Bernie Sanders’ Amazing Parallels to John F. Kennedy and Robert F. Kennedy

Bernie Sanders, John F. Kennedy, Robert F. Kennedy. (Photo: Getty Images)

Bernie Sanders, John F. Kennedy, Robert F. Kennedy. (Photo: Getty Images)

“There is nothing in the record of the past two years when both houses of Congress have been controlled by the Republican Party, which can lead any person to believe that those promises will be fulfilled in the future. They follow the Hitler line—no matter how big the lie; repeat it often enough and the masses will regard it as truth.”

President John F. Kennedy stated the quote above, but it could very well be a quote on one of the many memes floating around the Internet of Bernie Sanders. Just as the 1960s needed a president like John F. Kennedy to push forth progress on the passage of the Civil Rights Act in 1964 from the conservative stronghold at the time that held firm on their power and prejudices, America needs a president like Bernie Sanders to mitigate the civil wrongs being perpetuated today by a government being increasingly influenced by enormously wealthy interests. John F. Kennedy defended his liberal views in his 1960 presidential party nomination acceptance speech by declaring, “If by a ‘Liberal’ they mean someone who looks ahead and not behind, someone who welcomes new ideas without rigid reactions, someone who cares about the welfare of the people—their health, their housing, their schools, their jobs, their civil rights, and their civil liberties—someone who believes we can break through the stalemate and suspicions that grip us in our policies abroad, if that is what they mean by a ‘Liberal,’ then I’m proud to say I’m a ‘Liberal.’ ”

The substance of the Bernie Sanders campaign has focused on the welfare of the people and the big issues that they care about. The similar reforms that John F. Kennedy so eloquently fought for that helped him win the Democratic Presidential nomination in 1960 are what is catapulting Bernie Sanders to seriously contend for the 2016 Democratic presidential nomination. In a recent interview with the Boston Herald, Massachusetts Sen. Elizabeth Warren said, “Bernie’s out talking about the issues that the American people want to hear about.” She added about his supporters, “these are people who care about these issues, and that’s who Bernie’s reaching. I love what Bernie is talking about. I think all the presidential candidates should be out talking about the big issues.”

Bernie Sanders is a radical compared to the status quo, but one who is desperately needed in order for real change and progress to persevere.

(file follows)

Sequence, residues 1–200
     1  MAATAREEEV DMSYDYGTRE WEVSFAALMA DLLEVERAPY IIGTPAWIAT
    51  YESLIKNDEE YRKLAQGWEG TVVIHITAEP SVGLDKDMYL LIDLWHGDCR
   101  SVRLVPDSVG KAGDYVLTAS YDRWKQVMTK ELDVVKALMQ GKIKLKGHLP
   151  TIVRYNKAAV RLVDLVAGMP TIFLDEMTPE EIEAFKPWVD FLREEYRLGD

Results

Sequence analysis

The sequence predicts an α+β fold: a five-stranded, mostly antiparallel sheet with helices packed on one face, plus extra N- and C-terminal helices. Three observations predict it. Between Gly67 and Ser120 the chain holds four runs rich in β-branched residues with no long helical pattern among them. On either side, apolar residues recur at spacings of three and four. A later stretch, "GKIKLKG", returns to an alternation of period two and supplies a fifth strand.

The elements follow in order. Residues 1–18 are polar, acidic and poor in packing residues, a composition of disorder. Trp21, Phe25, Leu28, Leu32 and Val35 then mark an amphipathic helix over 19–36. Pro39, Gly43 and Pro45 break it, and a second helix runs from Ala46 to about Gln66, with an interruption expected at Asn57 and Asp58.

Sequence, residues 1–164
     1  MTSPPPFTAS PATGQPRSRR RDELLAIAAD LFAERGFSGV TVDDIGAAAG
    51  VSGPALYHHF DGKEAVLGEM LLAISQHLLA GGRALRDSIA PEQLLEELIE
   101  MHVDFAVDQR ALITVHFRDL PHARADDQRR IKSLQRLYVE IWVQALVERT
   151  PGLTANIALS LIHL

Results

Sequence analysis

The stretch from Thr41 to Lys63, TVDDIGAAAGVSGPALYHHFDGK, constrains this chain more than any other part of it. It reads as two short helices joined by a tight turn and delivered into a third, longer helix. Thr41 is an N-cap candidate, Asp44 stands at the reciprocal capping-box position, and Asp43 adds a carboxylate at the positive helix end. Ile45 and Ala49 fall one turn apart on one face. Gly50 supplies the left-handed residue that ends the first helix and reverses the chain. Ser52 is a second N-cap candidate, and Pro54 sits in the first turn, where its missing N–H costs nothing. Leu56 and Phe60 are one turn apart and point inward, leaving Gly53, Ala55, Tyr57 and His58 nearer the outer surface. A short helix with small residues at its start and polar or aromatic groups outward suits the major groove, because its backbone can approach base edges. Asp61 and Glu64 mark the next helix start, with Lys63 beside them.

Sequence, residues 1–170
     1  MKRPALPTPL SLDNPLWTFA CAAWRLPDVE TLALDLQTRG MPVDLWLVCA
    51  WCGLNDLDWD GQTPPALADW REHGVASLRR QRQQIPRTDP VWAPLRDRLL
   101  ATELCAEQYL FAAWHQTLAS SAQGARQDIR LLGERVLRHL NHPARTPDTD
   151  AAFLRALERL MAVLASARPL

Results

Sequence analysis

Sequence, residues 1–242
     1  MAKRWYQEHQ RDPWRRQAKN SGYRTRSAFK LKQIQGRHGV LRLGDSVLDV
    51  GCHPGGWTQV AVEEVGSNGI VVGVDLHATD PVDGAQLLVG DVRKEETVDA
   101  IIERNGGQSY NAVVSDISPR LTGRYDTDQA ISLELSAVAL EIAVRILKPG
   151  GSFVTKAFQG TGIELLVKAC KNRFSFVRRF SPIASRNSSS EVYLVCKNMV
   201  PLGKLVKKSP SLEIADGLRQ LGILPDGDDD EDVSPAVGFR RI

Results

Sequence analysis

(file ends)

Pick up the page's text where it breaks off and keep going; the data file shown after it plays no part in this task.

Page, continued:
Mr. Sanders’ rising popularity is indicative of the pervasive inequalities that hinder our country’s progress. He is a voice for those suffering in pain and poverty. John F. Kennedy stated in his inaugural address, “If a free society cannot help the many who are poor, it cannot save the few who are rich.” It is because of this fact that we need a president not only elected by the people, but one whose campaign is funded and run by the people, not dictated by a small handful of wealthy interests that tie strings between their donations and the candidate they fund.

New York Sen. Robert F. Kennedy said in a speech about apartheid in South Africa, “Each time a man stands up for an ideal, or acts to improve the lot of others, or strikes out against injustice, he sends forth a tiny ripple of hope, and crossing each other from a million different centers of energy and daring those ripples build a current which can sweep down the mightiest walls of oppression and resistance.”

Those ripples being felt today are the growing number of supporters for Bernie Sanders. Slowly but surely, the mainstream media is taking him more seriously, and the current Democratic frontrunner, Hilary Clinton, has grown weary of his budding momentum. Robert and John F. Kennedy were radicals for their time, but their popularity and successes stemmed from their message that equality of opportunities should be afforded to each and every American. They paid the price for their popularity with their lives, but the echoes of their words and efforts still ring throughout our society today as we struggle with many of the same issues they fought so vigilantly in the 1960s to overcome.

Bernie Sanders is a radical compared to the status quo, but one who is desperately needed in order for real change and progress to persevere. The Kennedys looked forward to a future America in which our wealth, power and military strength were matched by our wisdom, purpose and moral restraint. The stances that Bernie Sanders is taking on each issue reflects the wisdom, honesty, morality and purpose that are lacking in a political climate hindered by political correctness, ulterior motives and outside interests. We need a president who is willing to cross the boundaries set by that atmosphere.

Robert F. Kennedy also stated in a report to the United States Senate in 1966, “A revolution is coming—a revolution which will be peaceful if we are wise enough; compassionate if we care enough; successful if we are fortunate enough—but a revolution which is coming whether we will it or not. We can affect its character; we cannot alter its inevitability.” For America’s sake, let us hope that we are wise enough to not give in to the corruption of corporate backed politicians and support one that depends on each individual to have a fighting chance.

Michael Sainato’s writing has appeared in The Guardian, The Plain Dealer, Miami Herald, Miami Times, Gainesville Sun, and the Tallahassee Democrat. Find him on Twitter @msainat1.

Bernie Sanders’ Amazing Parallels to John F. Kennedy and Robert F. Kennedy